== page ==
The unplanned nature of law: a critical approach to Shapiro’s legal theory

Mellin, Rachael Victoria Sarah (2023) The unplanned nature of law: a critical approach to Shapiro’s legal theory. PhD thesis, University of Glasgow.

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Scott Shapiro’s Planning Theory of Law represents the most sophisticated attempt to understand the nature of law through the lens of shared action. This is not only an ambitious project, but an important one in encouraging the development of research at the intersection of legal philosophy and social ontology. It does this by shifting the methodological focus of traditional analytic jurisprudence from investigating the nature of legal norms to the groups and shared activities that create them. To support this endeavour, this thesis presents a thorough, comprehensive analysis and critique of Shapiro’s legal theory in order to identify both its flaws and virtues. It does so by elucidating and examining its three main claims: (1)the group claim: legal organisations are social planning organisations; (2) the activity claim: legal activity is social planning activity; and (3) the norm claim: legal rules are plans and plan-like norms.

The thesis begins by unpacking the group claim. Partly due to a methodological inconsistency, it argues that Shapiro does not provide a sufficient account of legal organisations. To help with this task, some recent contributions on the ontology of groups are explored as well as Brian Epstein’s metaphysical framework for analysing the nature of groups. While the thesis concludes that legal organisations are not social planning organisations, it suggests that the beginnings of an alternative account can be provided by utilising Epstein’s framework.

Next, the thesis examines the activity claim which is central to Shapiro’s view and explores two main questions which arise from it: (a) What makes legal activity social planning activity? and (b) How do legal organisations carry out legal activity? The thesis considers Shapiro’s answers to these questions and presents some challenges to each. Although the activity claim will ultimately be rejected, the thesis briefly suggests an alternative way to answer the second question – rather than relying on Michael Bratman’s theory of shared agency to explain how legal organisations perform legal activities, a more promising option is provided by Raimo Tuomela’s account of group action.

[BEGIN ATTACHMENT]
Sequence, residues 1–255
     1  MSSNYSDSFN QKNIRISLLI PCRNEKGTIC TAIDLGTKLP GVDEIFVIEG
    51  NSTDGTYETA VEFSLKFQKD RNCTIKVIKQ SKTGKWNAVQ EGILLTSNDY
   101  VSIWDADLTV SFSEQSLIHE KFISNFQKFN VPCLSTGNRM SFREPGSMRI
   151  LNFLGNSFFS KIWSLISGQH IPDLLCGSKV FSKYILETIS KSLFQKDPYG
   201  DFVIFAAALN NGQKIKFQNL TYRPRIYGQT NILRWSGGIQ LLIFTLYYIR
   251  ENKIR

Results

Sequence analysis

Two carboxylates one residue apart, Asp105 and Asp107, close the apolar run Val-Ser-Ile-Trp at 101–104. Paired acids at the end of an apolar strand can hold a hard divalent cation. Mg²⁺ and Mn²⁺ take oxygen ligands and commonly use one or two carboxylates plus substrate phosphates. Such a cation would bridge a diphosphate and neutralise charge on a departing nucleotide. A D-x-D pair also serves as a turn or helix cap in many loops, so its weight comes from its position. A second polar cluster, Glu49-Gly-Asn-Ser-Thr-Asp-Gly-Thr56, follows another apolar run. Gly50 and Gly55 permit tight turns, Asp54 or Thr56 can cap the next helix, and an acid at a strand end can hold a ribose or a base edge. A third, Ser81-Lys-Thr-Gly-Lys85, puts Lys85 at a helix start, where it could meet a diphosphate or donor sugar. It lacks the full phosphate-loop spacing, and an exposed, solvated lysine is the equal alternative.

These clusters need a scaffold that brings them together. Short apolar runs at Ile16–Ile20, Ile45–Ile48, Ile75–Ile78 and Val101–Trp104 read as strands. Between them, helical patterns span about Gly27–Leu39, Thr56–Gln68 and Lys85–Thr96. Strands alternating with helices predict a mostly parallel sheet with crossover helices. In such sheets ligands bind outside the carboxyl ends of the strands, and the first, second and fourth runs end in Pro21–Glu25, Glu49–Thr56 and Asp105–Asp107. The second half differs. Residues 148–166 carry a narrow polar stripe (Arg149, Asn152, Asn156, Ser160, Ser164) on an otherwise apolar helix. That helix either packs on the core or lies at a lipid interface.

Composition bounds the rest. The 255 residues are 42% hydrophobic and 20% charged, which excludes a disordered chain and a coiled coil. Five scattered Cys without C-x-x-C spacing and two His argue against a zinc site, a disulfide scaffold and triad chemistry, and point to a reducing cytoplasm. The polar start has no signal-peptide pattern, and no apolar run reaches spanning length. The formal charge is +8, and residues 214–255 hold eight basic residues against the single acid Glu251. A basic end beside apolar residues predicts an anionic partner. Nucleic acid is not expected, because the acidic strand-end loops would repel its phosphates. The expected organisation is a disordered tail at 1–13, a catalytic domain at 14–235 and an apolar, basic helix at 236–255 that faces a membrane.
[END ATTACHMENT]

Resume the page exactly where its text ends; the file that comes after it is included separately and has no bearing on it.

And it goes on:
Lastly, the thesis assesses the norm claim by considering Shapiro’s analysis of the nature and normativity of plans. It argues that this claim fails for two reasons. First, that legal rules cannot be characterised as different types of plans, and second, that plan rationality cannot explain the normative force of law, despite Shapiro’s best attempt to show that it can. The chapter ends by exploring, and ultimately rejecting, the possibility for Shapiro to hold on to a weaker version of his norm claim.

While this thesis argues that none of the Planning Theory’s main claims survive scrutiny, it nonetheless highlights the significance of Shapiro’s project in laying the foundations for a more constructive dialogue between legal philosophers and social ontologists. It contributes towards this goal by calling for a fresh start that moves away from the deadlocked HartDworkin debate of traditional analytic jurisprudence in identifying new lines of enquiry in social ontology that can help us to understand law’s institutional nature.

Item Type: Thesis (PhD)
Qualification Level: Doctoral
Subjects: K Law > K Law (General)
Colleges/Schools: College of Social Sciences > School of Law
Supervisor's Name: Pavlakos, Professor Georgios and Leuenberger, Professor Stephan
Date of Award: 2023
Depositing User: Theses Team
Unique ID: glathesis:2023-83763
Copyright: Copyright of this thesis is held by the author.
Date Deposited: 14 Aug 2023 13:44
Last Modified: 14 Aug 2023 15:23
Thesis DOI: 10.5525/gla.thesis.83763

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